Charter ‘witch hunt’ does disservice to vulnerable kids
The Orange County Register
Most of us know the legend: German-born physicist Albert Einstein struggled with the regimented curriculum in his elementary school, yet later proved to be one of the world’s great scientific minds. He would be “labeled dull, dyslexic, even autistic or schizophrenic by a considerable number of today’s experts,” according to a biography in the Albert Einstein Archives.
It’s an old story, but one worth pondering as we debate the issue of school choice, especially those programs for kids who — for one reason or another — have trouble thriving in the traditional bricks-and-mortar school system.
That issue is front and center in Orange County, as the Anaheim Elementary School District and the Anaheim Union High School District pressure the county Board of Education to shut down the growing Epic Charter School, which provides online programs. Charters are publicly funded schools that are freed from many constraints of traditional schools, and are therefore able to offer a more innovative education approach.
Because they are publicly funded, they require approval from the local school district. The elementary district rejected Epic’s application, arguing that it offered “an unsound educational program.” The school appealed the decision to the county board, which gave it a 4-1 approval. Anaheim school officials asked it to reconsider that approval. County education officials are now poring over Epic’s records.
As a recent Orange County Register article explained, the high school district was “concerned that Epic was drawing their students.” That explanation offers a hint of what might be happening here. It’s a long way from claiming an “unsound” curriculum to worrying about parents taking their kids — and their Average Daily Attendance dollars — with them to a different school.
One county trustee calls this an anti-charter “witch hunt.” Anaheim school officials obviously deny any such thing. They claim their concern is about protecting children from an educational regimen with deficiencies. They told the Register they aren’t against charter schools in general. But a look at the California Department of Education website shows the Anaheim elementary district has authorized only one charter school in 24 years, and the high school district has never approved a charter school.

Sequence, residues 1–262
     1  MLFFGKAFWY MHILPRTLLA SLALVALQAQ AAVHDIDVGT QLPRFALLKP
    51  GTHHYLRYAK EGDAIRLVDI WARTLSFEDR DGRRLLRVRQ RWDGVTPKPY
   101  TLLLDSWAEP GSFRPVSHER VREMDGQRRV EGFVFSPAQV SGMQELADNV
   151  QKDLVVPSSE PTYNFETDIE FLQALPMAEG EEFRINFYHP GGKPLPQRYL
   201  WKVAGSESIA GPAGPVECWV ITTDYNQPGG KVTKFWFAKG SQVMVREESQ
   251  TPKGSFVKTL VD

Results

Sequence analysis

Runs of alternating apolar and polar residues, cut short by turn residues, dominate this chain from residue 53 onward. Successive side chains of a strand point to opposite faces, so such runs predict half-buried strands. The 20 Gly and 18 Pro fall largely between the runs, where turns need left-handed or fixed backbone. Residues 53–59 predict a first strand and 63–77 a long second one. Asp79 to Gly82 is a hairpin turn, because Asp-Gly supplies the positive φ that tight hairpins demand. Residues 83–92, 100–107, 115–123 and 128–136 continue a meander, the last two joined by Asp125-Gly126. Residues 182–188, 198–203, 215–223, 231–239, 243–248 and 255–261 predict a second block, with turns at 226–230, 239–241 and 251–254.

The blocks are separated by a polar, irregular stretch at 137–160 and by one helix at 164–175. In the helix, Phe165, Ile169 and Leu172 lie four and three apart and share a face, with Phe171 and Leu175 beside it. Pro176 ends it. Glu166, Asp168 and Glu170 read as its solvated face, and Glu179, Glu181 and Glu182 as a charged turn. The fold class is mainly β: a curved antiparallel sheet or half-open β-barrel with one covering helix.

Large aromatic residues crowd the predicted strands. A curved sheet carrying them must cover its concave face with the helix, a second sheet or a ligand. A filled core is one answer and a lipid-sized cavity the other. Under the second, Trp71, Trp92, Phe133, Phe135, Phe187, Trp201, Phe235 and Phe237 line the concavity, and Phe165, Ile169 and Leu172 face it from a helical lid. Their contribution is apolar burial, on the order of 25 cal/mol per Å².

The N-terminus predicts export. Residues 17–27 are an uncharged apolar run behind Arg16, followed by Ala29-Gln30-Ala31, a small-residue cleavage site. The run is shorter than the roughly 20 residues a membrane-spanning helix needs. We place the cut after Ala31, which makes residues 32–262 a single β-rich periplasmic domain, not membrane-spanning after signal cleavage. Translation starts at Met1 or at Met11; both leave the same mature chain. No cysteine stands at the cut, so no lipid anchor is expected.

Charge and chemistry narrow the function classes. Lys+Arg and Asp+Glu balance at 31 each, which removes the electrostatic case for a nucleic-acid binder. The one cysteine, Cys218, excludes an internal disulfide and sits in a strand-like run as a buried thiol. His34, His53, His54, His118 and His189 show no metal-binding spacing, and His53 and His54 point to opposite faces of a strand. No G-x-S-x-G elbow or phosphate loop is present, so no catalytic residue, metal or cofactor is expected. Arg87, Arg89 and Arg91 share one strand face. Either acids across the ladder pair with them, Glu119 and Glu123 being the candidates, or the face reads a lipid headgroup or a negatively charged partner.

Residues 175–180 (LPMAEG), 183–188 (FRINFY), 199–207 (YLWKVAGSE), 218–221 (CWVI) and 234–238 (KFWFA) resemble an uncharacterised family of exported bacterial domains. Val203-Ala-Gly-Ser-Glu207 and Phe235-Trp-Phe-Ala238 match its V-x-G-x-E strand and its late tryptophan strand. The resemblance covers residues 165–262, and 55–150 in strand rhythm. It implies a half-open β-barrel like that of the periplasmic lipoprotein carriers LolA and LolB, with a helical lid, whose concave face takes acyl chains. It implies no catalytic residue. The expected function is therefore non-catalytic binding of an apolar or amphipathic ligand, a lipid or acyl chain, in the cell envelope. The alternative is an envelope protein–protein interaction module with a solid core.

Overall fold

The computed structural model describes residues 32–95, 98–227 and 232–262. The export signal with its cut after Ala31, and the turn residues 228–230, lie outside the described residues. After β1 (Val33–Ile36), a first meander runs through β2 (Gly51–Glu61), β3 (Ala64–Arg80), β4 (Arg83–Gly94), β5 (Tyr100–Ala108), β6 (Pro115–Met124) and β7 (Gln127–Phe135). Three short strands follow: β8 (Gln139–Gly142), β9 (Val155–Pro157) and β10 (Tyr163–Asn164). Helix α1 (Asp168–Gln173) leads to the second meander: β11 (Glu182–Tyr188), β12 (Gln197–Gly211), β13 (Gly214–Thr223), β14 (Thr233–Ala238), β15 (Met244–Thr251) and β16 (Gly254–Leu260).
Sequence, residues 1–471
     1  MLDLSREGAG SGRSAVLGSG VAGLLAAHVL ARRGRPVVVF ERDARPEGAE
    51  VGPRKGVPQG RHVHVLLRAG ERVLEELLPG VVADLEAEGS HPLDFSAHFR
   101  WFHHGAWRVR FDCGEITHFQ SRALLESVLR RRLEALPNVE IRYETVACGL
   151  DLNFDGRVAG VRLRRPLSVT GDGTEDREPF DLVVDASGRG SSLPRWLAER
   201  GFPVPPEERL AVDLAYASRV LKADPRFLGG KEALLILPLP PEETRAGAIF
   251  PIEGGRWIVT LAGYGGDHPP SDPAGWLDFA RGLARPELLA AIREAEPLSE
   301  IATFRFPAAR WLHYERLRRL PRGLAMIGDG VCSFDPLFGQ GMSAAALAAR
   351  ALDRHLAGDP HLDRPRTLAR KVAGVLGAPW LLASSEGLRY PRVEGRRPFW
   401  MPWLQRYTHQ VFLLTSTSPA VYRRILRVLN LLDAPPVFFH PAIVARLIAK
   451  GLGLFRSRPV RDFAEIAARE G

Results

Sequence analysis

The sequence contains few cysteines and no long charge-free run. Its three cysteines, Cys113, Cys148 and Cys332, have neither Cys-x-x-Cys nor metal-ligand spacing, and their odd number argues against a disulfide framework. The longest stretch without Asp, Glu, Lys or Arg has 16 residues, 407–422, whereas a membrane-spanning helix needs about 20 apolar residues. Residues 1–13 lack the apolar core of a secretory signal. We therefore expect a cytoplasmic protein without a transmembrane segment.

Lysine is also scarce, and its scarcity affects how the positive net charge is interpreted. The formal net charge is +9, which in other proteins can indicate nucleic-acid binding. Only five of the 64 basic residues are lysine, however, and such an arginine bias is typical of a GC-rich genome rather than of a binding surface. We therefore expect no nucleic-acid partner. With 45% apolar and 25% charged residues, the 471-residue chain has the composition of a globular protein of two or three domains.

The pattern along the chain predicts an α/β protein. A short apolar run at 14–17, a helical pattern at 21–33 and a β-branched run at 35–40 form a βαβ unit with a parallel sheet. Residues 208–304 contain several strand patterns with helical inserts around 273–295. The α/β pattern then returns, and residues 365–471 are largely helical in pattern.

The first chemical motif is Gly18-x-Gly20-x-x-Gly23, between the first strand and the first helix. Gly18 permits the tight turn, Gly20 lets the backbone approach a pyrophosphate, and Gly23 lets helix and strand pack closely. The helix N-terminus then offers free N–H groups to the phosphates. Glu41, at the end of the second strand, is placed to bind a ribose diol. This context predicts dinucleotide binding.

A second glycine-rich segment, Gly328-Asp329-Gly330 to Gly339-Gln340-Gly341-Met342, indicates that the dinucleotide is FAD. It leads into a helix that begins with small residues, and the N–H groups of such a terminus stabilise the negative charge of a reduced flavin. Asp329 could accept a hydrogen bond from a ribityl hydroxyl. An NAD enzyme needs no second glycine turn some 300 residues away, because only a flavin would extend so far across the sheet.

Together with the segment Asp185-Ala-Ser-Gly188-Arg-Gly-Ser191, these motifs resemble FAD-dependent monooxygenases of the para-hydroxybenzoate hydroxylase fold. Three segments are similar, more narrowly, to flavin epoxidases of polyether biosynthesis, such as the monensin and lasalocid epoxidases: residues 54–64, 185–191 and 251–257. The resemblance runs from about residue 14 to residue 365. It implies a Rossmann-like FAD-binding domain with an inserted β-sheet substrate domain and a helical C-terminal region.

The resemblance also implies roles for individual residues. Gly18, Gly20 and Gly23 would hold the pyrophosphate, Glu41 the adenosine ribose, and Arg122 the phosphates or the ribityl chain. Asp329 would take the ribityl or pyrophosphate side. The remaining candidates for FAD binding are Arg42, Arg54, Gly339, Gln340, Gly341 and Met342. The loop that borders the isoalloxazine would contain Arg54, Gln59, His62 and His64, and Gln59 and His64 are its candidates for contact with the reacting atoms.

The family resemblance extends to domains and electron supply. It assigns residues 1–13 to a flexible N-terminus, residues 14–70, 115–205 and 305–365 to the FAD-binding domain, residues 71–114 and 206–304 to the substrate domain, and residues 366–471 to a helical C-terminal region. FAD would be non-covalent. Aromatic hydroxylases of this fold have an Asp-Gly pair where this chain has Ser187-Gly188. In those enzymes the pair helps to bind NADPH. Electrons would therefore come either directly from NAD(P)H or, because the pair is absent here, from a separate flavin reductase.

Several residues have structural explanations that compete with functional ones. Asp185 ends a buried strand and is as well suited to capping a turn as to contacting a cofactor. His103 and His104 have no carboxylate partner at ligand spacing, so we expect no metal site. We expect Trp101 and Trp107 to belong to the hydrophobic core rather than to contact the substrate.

“School districts always come up with, ‘Well, this charter has an unsound educational program,’” said Tanja MeCey, a Sacramento-based coalition manager for California Parents for Public Virtual Education. “You want to know what this is all about?” She pointed toward the news article showing that Epic has already enrolled 85 students and plans to have 10 times that number enrolled by 2021. That means millions of dollars flow out of school budgets. “It’s all about the money,” she added.
The Anaheim districts raise two concerns, both of which seem tenuous. First, they point to an affiliate of Epic in Oklahoma, which has been under investigation by state authorities. Anaheim officials point to other criticisms from the Sooner State. An investigation doesn’t impute any problems or wrongdoing. And this involves an affiliate, not the local online school.
The most absurd allegation, from Anaheim Union Superintendent Mike Matsuda, is that Epic is involved in “predatory marketing” because it offers students $1,500 worth of school supplies and payments for extracurricular activities. My kids were involved in band, soccer, horseback riding, 4H Club and swimming. These are crucial parts of the educational experience, especially for students who receive the bulk of their learning via computer. Other charters offer similar benefits.
Online education isn’t for everyone, but it’s a crucial alternative for children who don’t fit the mold. For instance, it’s common for kids who are bullied, for disabled kids or those with special needs. It’s also a great option for highly advanced students — perhaps even the next Einstein — who can’t take the slow pace of the traditional school curriculum. For those who can’t keep up, they get to repeat the lessons until they understand them.
Online charters have been around for two decades. Anyone who thinks they are about plopping one’s kids in front of the computer and letting the computer do the work are way out of line. Parents I’ve talked to say it takes a lot more parental involvement than just sending your child off to the local public school. Think of it as a cross between homeschooling and public schools. Certified teachers oversee the process, there are get-togethers and lots of expert help for homework and anything else.
Nevertheless, there are union-backed legislative efforts to hobble these schools. The latest came last summer. Assembly Bill 1084 would have prohibited online charters from being owned or run by a for-profit entity. It was shelved, but something similar might return.
Charter schools are funded by taxpayers, so they should be subject to oversight. But oversight should be driven by what’s best for the children, not what’s best for teachers’ unions and public-school budgets. Not every one of these kids who attend online charters will turn out to be the next Einstein, but they deserve the opportunity to reach their potential.
Steven Greenhut is Western region director of the R Street Institute. He was a Register editorial writer from 1998-2009. Write to him at firstname.lastname@example.org.